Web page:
All of this running was to be to my detriment.

I have a vivid memory of my mother wagging her finger at me saying I would regret all the running in later life. She was right. In 2009 I began to have severe pain around my right hip, buttock and groin. Investigations revealed I had arthritis in the hip joint. My consultant said ‘if you don’t stop running, you will need a hip replacement within 3-5 years’.

Ten years later, have I needed to have a hip replacement? No. Have I stopped running? I still jog, does that count?! Have I stopped being obsessive about running? Yes. Am I still a member of a running club? No. Have I found a balance in the physical activities I take part in? Yes. What was the one thing that has benefitted me? Yoga. Do I believe practising yoga has kept my arthritis in check, prevented it from worsening and improved the overall mobility, strength and flexibility of my hip and my whole body? Yes. Do I believe if I had continued running and not discovered yoga I would have needed surgery or if not surgery, been in a lot of pain and discomfort? Yes.

So, what is it about yoga? Why am I a yogi?

Quite simply I believe I practise yoga for the benefit and health of my whole being — physical, mental, emotional, and spiritual. The World Health Organisation defines a healthy body as “complete physical and mental well-being.” Notice, there is no mention of fitness. All my life I have taken part in sport to keep fit, but by keeping fit I neglected the other parts of me and have suffered as a consequence. Practising yoga, I can look after and take care of all parts of me.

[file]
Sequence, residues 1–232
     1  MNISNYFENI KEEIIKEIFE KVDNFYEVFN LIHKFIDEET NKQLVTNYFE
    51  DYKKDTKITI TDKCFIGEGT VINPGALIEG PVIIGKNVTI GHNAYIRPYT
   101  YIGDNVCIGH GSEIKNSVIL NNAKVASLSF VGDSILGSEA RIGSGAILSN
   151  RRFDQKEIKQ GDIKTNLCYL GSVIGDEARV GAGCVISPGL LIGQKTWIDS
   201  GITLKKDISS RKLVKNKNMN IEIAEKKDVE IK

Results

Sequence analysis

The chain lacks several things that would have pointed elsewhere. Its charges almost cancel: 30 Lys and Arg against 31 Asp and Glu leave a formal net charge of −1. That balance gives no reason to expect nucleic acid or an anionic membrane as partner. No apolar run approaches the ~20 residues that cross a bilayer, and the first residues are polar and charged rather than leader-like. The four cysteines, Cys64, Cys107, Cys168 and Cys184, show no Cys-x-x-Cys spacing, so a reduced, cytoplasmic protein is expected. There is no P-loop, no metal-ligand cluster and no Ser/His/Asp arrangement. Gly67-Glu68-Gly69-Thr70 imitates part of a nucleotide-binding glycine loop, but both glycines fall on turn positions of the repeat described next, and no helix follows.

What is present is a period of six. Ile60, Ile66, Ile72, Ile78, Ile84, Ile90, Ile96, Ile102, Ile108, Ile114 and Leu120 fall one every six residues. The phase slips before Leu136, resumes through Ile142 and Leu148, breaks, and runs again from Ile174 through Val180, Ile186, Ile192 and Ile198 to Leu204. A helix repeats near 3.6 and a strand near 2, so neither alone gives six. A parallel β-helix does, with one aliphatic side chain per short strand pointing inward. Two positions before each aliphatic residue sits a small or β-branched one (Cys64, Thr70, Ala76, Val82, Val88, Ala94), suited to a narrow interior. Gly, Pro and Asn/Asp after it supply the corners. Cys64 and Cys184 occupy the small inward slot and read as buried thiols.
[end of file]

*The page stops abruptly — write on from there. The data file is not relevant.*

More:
This is how:

Physical – Yoga postures strengthen and stretch my muscles, eases my joints and keeps them flexible. Yoga flow or vinyasa develops my stamina. The three S’s — suppleness, strength and stamina.

Mental – Yoga requires concentration, to move in and out of postures, synchronising and using the breath. I am learning how to still the mind with breath and meditation techniques.

Emotional – Emotions arise from thoughts. Yoga teaches me to begin to observe and control my thoughts thereby keeping in check my emotions.


How does this relate to my writing?

Like yoga, my writing has become part of who I am and what I enjoy doing. Like yoga, my writing is a daily practice and benefits aspects of my being. Both help me live a fulfilling life.